An exhausting routine of soccer practices, work deadlines, and early morning wake-ups makes it understandably easy to put healthy family eating on the back burner. But as time-strapped families trade in big salads for Big Macs, it's no surprise that scales nationwide are buckling under the pressure. According to the Centers for Disease Control (CDC), more than a third of American adults are obese. But the expanding-waistline epidemic impacts far more than just the quality of life among adults. A 2008 Journal of the American Medical Association report puts the number of overweight or obese children at 16 percent, with another 16 percent knocking on the door.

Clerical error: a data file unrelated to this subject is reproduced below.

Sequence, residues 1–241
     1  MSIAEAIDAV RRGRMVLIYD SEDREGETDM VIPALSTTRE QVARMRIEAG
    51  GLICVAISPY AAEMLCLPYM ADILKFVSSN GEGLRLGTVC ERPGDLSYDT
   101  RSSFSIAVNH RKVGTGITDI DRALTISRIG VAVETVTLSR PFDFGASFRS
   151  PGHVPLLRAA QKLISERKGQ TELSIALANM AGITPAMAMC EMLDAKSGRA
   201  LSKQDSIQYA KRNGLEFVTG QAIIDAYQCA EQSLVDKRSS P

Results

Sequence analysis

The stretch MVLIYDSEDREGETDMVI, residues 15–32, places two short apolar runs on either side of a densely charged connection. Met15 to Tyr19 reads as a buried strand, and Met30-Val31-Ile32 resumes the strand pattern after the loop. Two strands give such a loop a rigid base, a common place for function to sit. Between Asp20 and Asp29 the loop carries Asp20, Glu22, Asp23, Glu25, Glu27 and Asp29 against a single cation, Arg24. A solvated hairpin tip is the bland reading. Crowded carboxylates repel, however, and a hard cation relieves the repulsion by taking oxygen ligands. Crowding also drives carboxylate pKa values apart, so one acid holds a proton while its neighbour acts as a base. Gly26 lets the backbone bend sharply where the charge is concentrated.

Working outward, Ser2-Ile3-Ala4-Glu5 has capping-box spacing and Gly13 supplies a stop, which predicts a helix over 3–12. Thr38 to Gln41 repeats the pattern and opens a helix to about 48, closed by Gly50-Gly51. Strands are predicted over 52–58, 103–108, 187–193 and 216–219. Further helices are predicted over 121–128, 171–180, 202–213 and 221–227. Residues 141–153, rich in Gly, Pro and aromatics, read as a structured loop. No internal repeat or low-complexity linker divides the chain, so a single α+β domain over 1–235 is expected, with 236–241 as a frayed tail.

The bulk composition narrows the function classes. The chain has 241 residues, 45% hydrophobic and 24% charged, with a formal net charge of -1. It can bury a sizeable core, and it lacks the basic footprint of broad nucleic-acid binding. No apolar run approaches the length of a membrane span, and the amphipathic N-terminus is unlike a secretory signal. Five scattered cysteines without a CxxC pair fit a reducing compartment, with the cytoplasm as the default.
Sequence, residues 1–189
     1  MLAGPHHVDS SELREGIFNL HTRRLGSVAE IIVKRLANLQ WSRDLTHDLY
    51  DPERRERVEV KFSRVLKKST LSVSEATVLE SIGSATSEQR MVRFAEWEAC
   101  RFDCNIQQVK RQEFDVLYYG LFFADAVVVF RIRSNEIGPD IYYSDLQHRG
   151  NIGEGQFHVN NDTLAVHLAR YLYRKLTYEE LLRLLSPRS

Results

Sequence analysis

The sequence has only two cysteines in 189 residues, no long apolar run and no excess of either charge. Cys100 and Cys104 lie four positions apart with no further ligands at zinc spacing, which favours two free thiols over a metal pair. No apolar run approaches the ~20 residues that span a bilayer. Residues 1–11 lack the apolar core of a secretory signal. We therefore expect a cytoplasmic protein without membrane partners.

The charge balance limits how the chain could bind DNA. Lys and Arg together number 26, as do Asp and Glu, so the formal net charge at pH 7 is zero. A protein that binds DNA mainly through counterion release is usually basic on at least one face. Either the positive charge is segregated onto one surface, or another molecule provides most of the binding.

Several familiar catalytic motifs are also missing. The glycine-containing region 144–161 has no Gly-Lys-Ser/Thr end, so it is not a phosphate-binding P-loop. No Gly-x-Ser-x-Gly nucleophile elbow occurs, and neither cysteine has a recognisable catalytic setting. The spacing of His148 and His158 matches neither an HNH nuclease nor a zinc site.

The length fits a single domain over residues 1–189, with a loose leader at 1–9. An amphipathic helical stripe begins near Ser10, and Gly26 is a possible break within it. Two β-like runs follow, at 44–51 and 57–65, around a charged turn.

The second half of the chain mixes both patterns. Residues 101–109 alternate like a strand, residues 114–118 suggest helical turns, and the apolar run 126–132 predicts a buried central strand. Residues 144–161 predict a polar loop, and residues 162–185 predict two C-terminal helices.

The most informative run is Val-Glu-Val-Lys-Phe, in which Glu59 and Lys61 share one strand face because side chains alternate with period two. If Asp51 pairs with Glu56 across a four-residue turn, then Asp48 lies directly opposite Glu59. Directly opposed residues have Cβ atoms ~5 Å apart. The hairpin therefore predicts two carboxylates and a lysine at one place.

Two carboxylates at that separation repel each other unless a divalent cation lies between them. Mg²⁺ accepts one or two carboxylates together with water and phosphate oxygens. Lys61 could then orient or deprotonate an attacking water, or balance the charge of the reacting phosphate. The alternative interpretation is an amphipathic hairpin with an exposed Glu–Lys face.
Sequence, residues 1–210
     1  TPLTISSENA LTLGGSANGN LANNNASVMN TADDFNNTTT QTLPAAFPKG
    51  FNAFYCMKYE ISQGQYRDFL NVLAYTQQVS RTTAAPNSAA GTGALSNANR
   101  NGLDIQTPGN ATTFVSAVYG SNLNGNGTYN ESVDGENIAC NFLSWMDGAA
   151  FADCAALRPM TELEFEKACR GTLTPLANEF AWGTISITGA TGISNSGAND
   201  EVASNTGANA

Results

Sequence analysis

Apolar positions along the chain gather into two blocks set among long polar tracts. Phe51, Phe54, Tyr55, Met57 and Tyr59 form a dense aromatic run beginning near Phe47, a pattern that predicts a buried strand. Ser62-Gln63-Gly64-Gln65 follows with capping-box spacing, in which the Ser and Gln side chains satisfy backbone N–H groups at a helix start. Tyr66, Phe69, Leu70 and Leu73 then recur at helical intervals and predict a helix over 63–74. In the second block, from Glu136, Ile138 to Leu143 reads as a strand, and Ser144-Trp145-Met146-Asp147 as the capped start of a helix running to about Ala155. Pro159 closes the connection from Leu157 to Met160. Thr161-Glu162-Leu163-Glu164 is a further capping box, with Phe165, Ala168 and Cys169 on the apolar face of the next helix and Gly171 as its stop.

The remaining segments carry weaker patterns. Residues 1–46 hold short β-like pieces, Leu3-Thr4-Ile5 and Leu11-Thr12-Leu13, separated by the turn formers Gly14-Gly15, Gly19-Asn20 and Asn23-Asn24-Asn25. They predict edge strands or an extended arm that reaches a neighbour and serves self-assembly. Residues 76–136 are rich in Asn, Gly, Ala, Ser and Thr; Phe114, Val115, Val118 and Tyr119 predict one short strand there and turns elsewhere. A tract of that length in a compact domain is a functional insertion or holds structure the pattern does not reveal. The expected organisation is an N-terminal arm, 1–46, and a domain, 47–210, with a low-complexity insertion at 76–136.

According to Sally Phillips, RD, a nutrition expert at Ohio's Akron Children's Hospital, a child who has an unhealthy body weight not only often has self-esteem issues but is also at increased risk for type 2 diabetes, hypertension, elevated blood cholesterol and triglycerides, and orthopedic problems, “health problems that possibly could impact life expectancy,” she says. Childhood obesity that progresses into grown-up obesity is linked to increased artery wall thickness — a marker for atherosclerosis. And because many overweight children do indeed become plump adults, lifestyle modification at an early age should be emphasized. Try these no-fuss strategies from experts to overcome today's biggest pitfalls of sound family nutrition.